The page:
similar concerns. "During the course of the nuclear negotiations over the
past year, Iran has been the beneficiary of a generous catalogue of
concessions from the West," Ross wrote. "The 5-plus-1 has conceded to
Iranian enrichment, agreed that Tehran need not scale back the number of its
centrifuges significantly or dismantle any facilities and could have an
industrial-size program after passage of a period of time."10

Undoubtedly, other countries in the Middle East will react to these
concessions by accelerating their own nuclear programs. It was not
surprising to see the news report on Feb. 10 that Egypt was to procure a new
nuclear reactor from Russia.11 Nuclear proliferation is likely to spread to
Saudi Arabia, the UAE, Turkey, and others. A multipolar Middle East, which
is currently facing a radical Islamist wave, will have none of the stability
of the East-West balance during the Cold War. A bad agreement with Iran, in
short, will leave the world a much more dangerous place.

* * *

1 "The Emerging Iran Nuclear Deal Raises Major Concerns,” Washington Post,
Editorial, Feb. 5, 2014,
2 Ibid.
3 "Can Iran and the United States Make a Meaningful Deal?” Council on
Foreign Relations, Oct. 9, 2014,
4 Robert J. Einhorn, "Preventing a Nuclear-Armed Iran: Requirements for a
Comprehensive Nuclear Agreement,” Brookings Arms Control and
Non-Proliferation Series, Paper 10, March 2014,
5 Michael R. Gordon, "U.S. Lays Out Limits It Seeks in Iran Nuclear Talks,”
New York Times, Nov. 20, 2014,
and Paul Richter and Ramin Mostaghim, "Iranian Website Reports U.S. Giving
Ground on Nuclear Centrifuges," Los Angeles Times, Nov. 4, 2014,
6 Ibid.
7 David Albright, Olli Heinonen, and Andrea Stricker, "Five Compromises to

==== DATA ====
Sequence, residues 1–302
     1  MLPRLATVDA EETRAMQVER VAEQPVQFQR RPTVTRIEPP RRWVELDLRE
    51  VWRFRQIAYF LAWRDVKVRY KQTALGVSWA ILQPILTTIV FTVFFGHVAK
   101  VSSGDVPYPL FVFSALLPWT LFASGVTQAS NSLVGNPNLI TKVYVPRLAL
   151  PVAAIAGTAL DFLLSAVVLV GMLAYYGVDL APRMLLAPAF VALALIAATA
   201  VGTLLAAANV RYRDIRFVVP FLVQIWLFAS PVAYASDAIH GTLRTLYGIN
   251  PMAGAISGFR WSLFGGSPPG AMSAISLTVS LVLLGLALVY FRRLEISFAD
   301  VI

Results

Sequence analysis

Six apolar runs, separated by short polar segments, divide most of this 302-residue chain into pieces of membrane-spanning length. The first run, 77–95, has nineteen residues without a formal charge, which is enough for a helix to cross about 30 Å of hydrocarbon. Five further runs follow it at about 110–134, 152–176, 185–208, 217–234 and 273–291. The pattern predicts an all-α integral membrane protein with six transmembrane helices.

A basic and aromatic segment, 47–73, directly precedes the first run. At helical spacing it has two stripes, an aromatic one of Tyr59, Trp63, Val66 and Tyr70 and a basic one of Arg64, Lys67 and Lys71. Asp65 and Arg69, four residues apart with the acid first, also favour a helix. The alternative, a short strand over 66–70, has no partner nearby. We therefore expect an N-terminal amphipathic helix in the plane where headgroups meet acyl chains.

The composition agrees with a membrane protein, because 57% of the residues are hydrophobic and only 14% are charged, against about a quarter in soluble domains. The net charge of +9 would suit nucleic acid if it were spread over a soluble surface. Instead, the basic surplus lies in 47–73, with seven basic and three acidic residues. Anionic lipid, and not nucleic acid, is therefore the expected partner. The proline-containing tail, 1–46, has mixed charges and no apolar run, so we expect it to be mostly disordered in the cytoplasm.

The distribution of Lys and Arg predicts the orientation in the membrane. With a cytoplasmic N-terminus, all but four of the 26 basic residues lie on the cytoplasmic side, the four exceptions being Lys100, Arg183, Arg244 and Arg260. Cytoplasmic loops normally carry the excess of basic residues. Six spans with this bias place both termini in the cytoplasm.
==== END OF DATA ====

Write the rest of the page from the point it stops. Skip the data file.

Avoid in a Comprehensive Agreement with Iran,” Institute for Science and
International Security, June 3, 2014,
8 "Assessing a ‘Comprehensive’ Nuclear Agreement with Iran: Five Issues to
Watch,” House Committee on Foreign Affairs,
9 Michelle Moghtader and Fredrik Dahl, "Iran Says Centrifuge Testing, but No
Violation of Atom Deal with Powers,” Reuters, Nov. 12, 2014,
10 Dennis Ross, Eric Edelman and Ray Takeyh, "Time to Take It to Iran: The
Stalemate over Nukes, and Now a Tehran-Backed Coup in Yemen, Show that Obama
Isn’t Tough Enough,” Politico, Jan. 23, 2015,
11 "Cairo, Moscow to Build 1st Nuclear Plant in Egypt," Al Arabiya, Feb. 10,
The writer, a former Israeli ambassador to the UN, is president of the
Jerusalem Center for Public Affairs and served as an external advisor to the
office of the Prime Minister of Israel. He is the author of the best-selling
books: The Fight for Jerusalem: Radical Islam, the West, and the Future of
the Holy City (Regnery, 2007), and The Rise of Nuclear Iran: How Tehran
Defies the West (Regnery, 2009).

Search For An Article


Contact Us

POB 982 Kfar Sava
Tel 972-9-7604719
Fax 972-3-7255730
email:imra@netvision.net.il IMRA is now also on Twitter

image004.jpg (8687 bytes)